“The sights and sounds, twittering and obvious gaiety were completely astonishing! It was mind-boggling, beyond anything we had ever experienced, to see all these different species bathing and ‘showering’ in the small, 25-feet-by-30-feet space of our back yard! Rather than turning off the sprinkler in 15 minutes, as I’d initially planned, I let the thing run for a half-hour, when all parties seemed to have had enough of the ‘spa’ treatment and began to depart, back to the mountain ash, back to the coneflowers and chard and back to foraging under leaf litter. But the experience for us was a one-of-a-kind, totally magical event for 30 bright-shining minutes of late-afternoon sun! At the peak of the seemingly miraculous event, there must have been upwards of 100 birds, comprising 10 species, in and out of our sprinkler!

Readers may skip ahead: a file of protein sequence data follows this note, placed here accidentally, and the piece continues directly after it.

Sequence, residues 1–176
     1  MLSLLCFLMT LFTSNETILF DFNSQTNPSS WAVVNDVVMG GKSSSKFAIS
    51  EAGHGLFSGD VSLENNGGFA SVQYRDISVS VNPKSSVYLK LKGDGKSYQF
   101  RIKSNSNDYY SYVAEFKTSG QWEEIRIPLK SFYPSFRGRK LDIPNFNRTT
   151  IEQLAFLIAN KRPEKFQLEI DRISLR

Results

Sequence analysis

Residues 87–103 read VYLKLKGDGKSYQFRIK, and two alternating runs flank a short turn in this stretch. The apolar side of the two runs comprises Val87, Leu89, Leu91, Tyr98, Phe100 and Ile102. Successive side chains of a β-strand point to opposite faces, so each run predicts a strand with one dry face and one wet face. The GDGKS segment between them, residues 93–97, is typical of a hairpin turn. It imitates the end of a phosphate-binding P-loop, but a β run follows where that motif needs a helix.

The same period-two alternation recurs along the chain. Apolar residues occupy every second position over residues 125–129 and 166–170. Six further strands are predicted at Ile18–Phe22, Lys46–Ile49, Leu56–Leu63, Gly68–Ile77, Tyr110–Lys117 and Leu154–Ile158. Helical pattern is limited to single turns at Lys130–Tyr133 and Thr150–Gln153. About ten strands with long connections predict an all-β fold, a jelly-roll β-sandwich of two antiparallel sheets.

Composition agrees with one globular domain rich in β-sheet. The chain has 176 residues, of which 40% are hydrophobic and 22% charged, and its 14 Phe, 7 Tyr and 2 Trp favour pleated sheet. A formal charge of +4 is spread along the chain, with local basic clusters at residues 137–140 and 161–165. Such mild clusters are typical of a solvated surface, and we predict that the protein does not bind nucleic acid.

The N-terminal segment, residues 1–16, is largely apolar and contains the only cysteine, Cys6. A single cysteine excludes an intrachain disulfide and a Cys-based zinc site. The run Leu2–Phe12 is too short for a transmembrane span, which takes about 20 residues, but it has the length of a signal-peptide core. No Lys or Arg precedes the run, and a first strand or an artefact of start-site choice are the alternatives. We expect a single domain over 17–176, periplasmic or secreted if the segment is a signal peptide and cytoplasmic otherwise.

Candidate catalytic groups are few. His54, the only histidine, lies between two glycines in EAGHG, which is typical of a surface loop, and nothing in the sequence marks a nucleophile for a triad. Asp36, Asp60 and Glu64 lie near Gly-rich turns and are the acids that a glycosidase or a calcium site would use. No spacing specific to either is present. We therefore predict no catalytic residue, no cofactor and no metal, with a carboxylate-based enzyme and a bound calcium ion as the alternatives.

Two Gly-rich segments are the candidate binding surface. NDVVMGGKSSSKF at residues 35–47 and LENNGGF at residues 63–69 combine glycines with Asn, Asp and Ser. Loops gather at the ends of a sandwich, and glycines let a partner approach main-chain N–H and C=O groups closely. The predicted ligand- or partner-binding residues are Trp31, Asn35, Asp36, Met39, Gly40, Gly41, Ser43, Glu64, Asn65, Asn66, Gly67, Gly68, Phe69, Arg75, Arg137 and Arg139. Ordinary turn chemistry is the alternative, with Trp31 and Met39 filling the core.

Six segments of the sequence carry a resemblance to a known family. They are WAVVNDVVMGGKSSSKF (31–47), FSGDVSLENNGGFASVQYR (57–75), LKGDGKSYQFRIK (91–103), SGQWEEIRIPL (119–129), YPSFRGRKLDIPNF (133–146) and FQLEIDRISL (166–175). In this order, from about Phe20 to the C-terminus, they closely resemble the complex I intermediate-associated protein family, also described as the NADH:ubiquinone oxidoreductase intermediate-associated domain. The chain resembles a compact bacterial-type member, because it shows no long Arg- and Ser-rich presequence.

“Sometimes all you need to do is add water!”

Our birds, ourselves
Pileated Woodpecker Division

Retired Teacher of New Richmond, Wisconsin: “We have had feeders for years and have enjoyed a variety of small birds. This one showed up yesterday and was quite a surprise.”

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BULLETIN BOARD SAYS: Surprise the bird, in return, by pronouncing its name correctly! It almost never happens. That PIE-lee-ay-ted.

The highfalutin amusements

Honey Bee of Chippewa Falls, Wisconsin: “Since the hub of The Honest Man‘s and Honey Bee‘s home office (namely, the counter with the microwave, and the junk drawer with all of the bills and associated paperwork right below it) was getting rather messy, I decided to clean it up in honor of the coming holiday season.